Thursday, December 13, 2007

Three to Read While the Weather is Icky

1) Take the New Yorker's Rudy quiz. I'll help you with one question - former schools Chancellor Rudy Crew (and animal enthusiast?) said this about the other Rudy:

He is not bound by the truth. I have studied animal life, and their predator/prey relations are more graceful than his.

2) Two on merit pay: Prea Prez on Bushwick Community High School's rationale for rejecting merit pay and Teaching in the 408's thoughts on how merit pay could work.

3) Malcolm Gladwell's review of James Flynn's new book, What is Intelligence?

1 comment:

John said...


I love your info. Do you still teach? What type of school?

I've always believed that non-teachers should read Malcolm Gladwell, especially the Tipping Point and his take on Six Degrees of Separation. Together they help explain why high poverty schools are so different. We cross a tipping point when the percentage of "broken families" is 95% or more (like my school) as opposed the 30 to 40%, or when the big majority of students aren't linked (as explained by "degrees of separation") to the broader networks.

I'd love your take on the New Yorker story on medical checklists. They don't seek to micromanage the way that doctors approach 36,000 variations of physical trauma they treat, or mandate top down CYA paperwork. But they empower nurses, they use data to persuade, and they require collaboration and listening to build capacity.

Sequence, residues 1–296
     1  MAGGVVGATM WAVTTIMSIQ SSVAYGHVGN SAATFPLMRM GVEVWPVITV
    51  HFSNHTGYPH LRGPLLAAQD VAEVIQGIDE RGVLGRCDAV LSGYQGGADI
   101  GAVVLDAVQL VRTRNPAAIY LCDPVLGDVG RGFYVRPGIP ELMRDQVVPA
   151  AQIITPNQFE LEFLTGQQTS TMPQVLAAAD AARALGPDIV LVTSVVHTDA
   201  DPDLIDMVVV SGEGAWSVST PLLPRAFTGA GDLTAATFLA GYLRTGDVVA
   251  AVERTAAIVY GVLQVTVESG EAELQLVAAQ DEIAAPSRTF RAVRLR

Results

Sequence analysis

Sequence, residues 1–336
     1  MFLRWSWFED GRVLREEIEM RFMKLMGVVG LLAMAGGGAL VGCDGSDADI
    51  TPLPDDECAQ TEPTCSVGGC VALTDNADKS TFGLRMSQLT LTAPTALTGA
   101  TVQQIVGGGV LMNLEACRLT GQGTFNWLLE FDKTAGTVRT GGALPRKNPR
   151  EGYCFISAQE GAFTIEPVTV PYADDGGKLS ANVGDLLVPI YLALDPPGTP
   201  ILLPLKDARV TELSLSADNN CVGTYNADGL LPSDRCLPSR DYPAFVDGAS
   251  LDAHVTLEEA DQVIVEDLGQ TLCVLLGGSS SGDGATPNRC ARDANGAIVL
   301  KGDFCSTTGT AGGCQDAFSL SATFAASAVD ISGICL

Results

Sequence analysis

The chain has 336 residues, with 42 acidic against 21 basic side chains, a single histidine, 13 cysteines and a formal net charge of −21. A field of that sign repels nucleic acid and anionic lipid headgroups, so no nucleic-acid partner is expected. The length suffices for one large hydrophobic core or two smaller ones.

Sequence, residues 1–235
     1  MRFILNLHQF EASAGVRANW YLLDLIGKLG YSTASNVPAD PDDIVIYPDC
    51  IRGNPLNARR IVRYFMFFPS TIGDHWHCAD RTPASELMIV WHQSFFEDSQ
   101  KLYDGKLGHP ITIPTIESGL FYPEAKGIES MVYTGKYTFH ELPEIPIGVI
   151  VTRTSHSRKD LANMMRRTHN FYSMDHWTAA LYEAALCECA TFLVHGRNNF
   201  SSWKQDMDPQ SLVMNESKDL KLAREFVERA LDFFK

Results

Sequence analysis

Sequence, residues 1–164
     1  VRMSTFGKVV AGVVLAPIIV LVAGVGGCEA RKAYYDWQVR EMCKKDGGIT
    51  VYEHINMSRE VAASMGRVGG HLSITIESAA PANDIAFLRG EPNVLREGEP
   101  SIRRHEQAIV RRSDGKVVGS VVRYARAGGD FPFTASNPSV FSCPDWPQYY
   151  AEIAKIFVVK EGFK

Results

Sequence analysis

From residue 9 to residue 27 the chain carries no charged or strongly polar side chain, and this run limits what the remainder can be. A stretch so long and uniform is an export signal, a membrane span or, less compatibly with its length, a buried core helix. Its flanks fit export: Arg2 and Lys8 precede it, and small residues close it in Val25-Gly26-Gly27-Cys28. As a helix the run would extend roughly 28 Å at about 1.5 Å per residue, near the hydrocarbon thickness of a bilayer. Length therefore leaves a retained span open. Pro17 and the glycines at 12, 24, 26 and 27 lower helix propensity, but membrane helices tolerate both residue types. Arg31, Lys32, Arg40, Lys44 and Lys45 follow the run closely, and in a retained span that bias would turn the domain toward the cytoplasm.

But I'd like you to read it in the context of the NYT Magazine account of a study of maids' health. Just providing accurate scientific info (counter-balancing their negative appraisal of their own activity) lowered fat and blood pressure. Presumably the added ingredient was hope stimulated by knowledge.

Rather than micromanage we should seek more modest approaches. For instance, professional development that reminds teachers to do what we already think we're doing such as teaching note taking to high poverty students.

Good luck when the ice storm hits. I have great memories of the 1978 ice storm that followed my wife and me to the NYC area. I would be loving this one as much if I could still access the education blogs. So I'm hurrying and I probably made more typos than usual.

John Thompson Oklahoma City